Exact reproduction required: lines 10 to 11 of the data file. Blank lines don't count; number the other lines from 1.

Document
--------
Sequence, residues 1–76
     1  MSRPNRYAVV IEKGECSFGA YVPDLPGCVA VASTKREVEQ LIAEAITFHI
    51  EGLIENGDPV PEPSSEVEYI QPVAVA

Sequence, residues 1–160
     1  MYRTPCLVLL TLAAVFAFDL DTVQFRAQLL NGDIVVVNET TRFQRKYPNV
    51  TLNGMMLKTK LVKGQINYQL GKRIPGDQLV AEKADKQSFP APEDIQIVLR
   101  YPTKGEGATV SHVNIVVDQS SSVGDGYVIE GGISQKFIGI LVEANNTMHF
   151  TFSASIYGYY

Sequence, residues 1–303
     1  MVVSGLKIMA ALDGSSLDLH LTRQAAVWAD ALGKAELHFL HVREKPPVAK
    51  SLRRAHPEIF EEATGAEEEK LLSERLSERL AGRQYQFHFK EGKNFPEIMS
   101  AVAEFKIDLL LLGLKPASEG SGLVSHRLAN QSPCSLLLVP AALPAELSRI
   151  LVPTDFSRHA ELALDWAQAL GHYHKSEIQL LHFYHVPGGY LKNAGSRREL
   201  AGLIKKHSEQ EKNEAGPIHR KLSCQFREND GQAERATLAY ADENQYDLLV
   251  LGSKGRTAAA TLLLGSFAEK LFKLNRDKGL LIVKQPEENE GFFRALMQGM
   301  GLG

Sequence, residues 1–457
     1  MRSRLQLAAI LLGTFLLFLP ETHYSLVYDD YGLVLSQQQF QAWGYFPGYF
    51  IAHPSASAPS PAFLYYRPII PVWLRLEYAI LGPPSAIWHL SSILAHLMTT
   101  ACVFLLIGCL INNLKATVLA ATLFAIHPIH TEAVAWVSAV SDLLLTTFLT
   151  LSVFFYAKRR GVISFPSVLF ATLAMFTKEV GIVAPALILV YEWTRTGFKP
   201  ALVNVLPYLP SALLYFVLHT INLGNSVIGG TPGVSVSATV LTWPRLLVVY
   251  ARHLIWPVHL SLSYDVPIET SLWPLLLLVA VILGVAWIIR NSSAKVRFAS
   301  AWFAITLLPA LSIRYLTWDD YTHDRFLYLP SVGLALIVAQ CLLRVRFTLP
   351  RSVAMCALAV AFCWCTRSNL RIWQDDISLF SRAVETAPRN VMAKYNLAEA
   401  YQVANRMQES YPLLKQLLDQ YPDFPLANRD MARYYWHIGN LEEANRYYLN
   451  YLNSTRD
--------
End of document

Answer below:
     1  MVVSGLKIMA ALDGSSLDLH LTRQAAVWAD ALGKAELHFL HVREKPPVAK
    51  SLRRAHPEIF EEATGAEEEK LLSERLSERL AGRQYQFHFK EGKNFPEIMS